If you are here, you have seen those little mushrooms popping up in your mulch. While it may seem pretty cool that you can grow mushrooms at first, once they start getting out of control, they may not seem so cool. Especially if these little squatters are hazardous to your kiddos or animals.
Fungi, a fancy mushroom category, gets its energy from decomposing organic matter to build itself. The decomposing organic matter is what you and I see as a mushroom. Don’t stress too much; you can kill the mushrooms without using any fungicide.
In This Article
Types Of Mushrooms That Grow In Mulch
If you are curious as to what types of mushrooms typically grow in mulch, I have some answers for you. Several culprits that are known for intruding on mulch are the following:
- Agrocybe praecox: spring agrocybe
- Agrocybe Pleiades: common agrocybe
- Coprinopsis atramentaria: tippler’s bane or alcohol inky cap
- Lycoperdon pyriforme: pear-shaped puffball
- Lysurus cruciatus: lizard’s claw
- Pluteus cervinus: deer mushroom
- Phallus impudicus: stinkhorn
- Psathyrella candolleana: common psathyrella
Are Mushrooms That Grow In Mulch Poisonous?
This is a valid concern, especially if you have little kids running around that might try and see how mushrooms taste. Most fungi are harmless, particularly the wood-borne fungus that is the most common in mulched beds. However, a few types are poisonous or nausea-inducing if they are ingested.
The best safety measure for mushrooms of unknown type in your close vicinity is removing them. This will help give you peace of mind if you have little ones running around.
Why Are There Mushrooms In My Mulch?
There are several reasons why mushrooms are growing in your mulch. Generally, it’s because there has been a combination of fresh mulch, warmth, and moisture from recent rain or watering. This causes the perfect conditions for mushrooms to sprout up.
If you notice mushrooms in mulch wood, the wood chips have not been sufficiently processed to stop the fungus from growing. When the chunks of wood are processed, the mushroom spores are killed. These little stinkers will actually extend past the mulch and start putting their roots down into the plants or soils under the mulch.
Should You Remove Mushrooms From Mulch?
The easiest way to get rid of mushrooms with mulch is not with fungicide but with ingredients you probably have on hand. Vinegar mixed with water has been known to kill off these mushrooms. Follow this recipe:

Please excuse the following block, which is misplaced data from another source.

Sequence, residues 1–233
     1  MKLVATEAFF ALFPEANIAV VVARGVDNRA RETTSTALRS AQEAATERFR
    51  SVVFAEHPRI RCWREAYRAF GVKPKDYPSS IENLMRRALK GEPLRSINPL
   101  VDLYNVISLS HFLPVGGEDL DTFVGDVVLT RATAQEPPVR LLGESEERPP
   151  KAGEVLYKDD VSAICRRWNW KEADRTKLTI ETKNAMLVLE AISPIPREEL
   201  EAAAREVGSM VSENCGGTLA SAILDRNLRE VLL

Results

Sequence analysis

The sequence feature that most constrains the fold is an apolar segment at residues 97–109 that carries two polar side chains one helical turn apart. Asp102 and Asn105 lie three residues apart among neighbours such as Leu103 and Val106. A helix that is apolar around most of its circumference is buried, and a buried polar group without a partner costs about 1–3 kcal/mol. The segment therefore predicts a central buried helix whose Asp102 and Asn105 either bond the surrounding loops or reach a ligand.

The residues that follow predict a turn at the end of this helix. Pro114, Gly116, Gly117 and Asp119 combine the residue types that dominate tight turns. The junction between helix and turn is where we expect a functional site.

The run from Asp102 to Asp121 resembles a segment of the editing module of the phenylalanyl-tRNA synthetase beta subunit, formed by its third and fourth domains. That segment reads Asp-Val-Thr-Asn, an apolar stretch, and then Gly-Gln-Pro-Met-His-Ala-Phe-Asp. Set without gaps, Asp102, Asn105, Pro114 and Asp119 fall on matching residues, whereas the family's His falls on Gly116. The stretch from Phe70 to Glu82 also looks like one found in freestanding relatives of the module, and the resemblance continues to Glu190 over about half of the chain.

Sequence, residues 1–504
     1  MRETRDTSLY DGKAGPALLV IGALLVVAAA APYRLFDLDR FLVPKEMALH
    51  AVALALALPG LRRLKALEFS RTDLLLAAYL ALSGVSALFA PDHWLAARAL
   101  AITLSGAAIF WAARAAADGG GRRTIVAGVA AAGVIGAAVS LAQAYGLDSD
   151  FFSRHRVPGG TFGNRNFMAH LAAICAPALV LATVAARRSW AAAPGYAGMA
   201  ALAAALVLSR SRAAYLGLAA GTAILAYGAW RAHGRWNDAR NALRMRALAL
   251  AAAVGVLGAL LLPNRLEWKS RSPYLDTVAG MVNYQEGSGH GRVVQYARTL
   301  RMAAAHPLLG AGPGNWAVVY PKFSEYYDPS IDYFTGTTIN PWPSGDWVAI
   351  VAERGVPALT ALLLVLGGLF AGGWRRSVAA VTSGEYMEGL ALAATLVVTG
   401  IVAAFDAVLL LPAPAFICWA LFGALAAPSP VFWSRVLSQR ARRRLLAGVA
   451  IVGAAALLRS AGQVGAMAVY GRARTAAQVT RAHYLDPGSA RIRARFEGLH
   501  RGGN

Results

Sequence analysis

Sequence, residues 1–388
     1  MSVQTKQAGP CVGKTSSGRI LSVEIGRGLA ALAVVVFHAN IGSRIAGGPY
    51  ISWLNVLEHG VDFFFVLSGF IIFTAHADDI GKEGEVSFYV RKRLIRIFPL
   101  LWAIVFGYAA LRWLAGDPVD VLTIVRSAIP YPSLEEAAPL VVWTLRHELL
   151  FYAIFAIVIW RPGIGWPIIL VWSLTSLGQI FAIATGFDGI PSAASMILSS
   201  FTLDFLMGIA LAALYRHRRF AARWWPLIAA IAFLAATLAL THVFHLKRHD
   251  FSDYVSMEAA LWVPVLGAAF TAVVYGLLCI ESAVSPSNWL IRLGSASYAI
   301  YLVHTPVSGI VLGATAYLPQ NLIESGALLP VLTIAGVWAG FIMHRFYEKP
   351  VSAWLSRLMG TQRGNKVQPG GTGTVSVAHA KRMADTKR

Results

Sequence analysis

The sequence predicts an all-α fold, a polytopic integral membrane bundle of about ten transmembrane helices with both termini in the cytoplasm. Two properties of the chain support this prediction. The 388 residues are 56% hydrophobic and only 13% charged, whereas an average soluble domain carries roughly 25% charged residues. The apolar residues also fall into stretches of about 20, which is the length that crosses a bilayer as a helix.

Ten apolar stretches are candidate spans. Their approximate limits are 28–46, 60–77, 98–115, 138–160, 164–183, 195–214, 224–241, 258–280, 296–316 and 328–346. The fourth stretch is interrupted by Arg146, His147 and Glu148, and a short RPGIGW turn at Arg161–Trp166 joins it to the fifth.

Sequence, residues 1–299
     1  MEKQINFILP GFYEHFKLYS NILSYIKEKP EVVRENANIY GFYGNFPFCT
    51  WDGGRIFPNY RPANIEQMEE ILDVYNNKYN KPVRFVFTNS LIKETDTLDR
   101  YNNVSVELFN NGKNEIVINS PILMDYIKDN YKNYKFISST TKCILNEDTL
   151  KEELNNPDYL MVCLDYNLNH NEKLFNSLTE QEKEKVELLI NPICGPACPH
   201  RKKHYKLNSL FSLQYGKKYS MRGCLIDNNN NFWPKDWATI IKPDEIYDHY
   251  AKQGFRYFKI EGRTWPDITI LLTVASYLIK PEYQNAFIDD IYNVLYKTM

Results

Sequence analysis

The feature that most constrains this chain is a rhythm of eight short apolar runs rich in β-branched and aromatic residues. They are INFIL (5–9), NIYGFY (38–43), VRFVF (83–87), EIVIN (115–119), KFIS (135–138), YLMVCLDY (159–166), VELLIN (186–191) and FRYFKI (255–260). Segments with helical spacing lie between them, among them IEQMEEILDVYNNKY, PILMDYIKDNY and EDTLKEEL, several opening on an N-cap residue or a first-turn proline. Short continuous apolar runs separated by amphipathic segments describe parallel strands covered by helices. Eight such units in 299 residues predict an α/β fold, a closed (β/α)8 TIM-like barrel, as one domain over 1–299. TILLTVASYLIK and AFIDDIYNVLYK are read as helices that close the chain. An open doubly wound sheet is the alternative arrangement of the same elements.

- Mix 4 parts of water with 1 part of vinegar in a spray bottle.
- Cover any other plants or grass with a tarp or garbage bag.
- From about 4-6 inches away, spray the mushrooms with the vinegar water mixture.
- Wait for approximately 3-4 days for the mixture to kill the mushrooms.
- Once several days have passed, you are good to remove the dead mushrooms.
- Before you write off your mushroom problem, recheck to ensure all of the mushrooms are dead. If they are not, repeat the steps on the remaining mushrooms as many times as needed.
How To Prevent Mushrooms From Growing In Mulch
There are several different ways in which you can prevent the growth of fungi. Here’s a list of the following ways:
- Use less mulch
- Use compost
- Prune or trim shrubs and trees
- Rake mulch
- Replace mulch
Use Less Mulch
It’s pretty common for mushrooms to grow when there is too much mulch. Using too much mulch traps the moisture in certain areas, creating the perfect conditions for mushrooms to thrive. By using less mulch, you will see the effects almost immediately.
If you have already placed your mulch, simply spread it to make it thinner. If this isn’t the reason, that is okay; it still good to keep in the back of your mind for the next time you are spreading mulch!
If you haven’t used compost, you should give it a shot. Compost can act as a solution for your mushroom issue in the yard. Mushrooms thrive in materials such as wood or bark-based mulch.
Compost doesn’t have the same properties as wood-based mulch. It is much harder for mushrooms to grow than their energy source is organic compost materials. The downfall to compost is that it doesn’t make your garden beds look as pretty.
Prune Or Trim Shrubs And Trees
One feature that mushrooms love is dark or shaded areas, as it helps them grow faster. Trees or shrubs can create areas of darkness for the fungi to grow. In areas with overhanging trees and dampness, it makes the perfect conditions for mushrooms to pop up.
The fix for this is relatively easy. Make sure you keep your shrubs or trees trimmed up to help prevent the dark areas in your yard.
Surprisingly, running a rake over your mulch can make a big difference. When you rake the mulch, it aerates it, causing it to dry out. When you dry out the mulch, it prevents the mushrooms from developing deep roots.
Raking will also help your plants, as it will help the plants breathe easier. It also helps prevent them from suffocating from all of the moisture.
Now with this being said, you don’t need to go and rake every single day; it would be a waste of your time and energy. However, raking once a week would be highly beneficial!
If you have tried the options above or do not think these will fix the mushroom problem, replacing the mulch is always an option. It might be even more effective for your entire landscape to replace the mulch. One random tidbit that might help is adding lime to the soil; mushrooms aren’t a fan of acidic environments.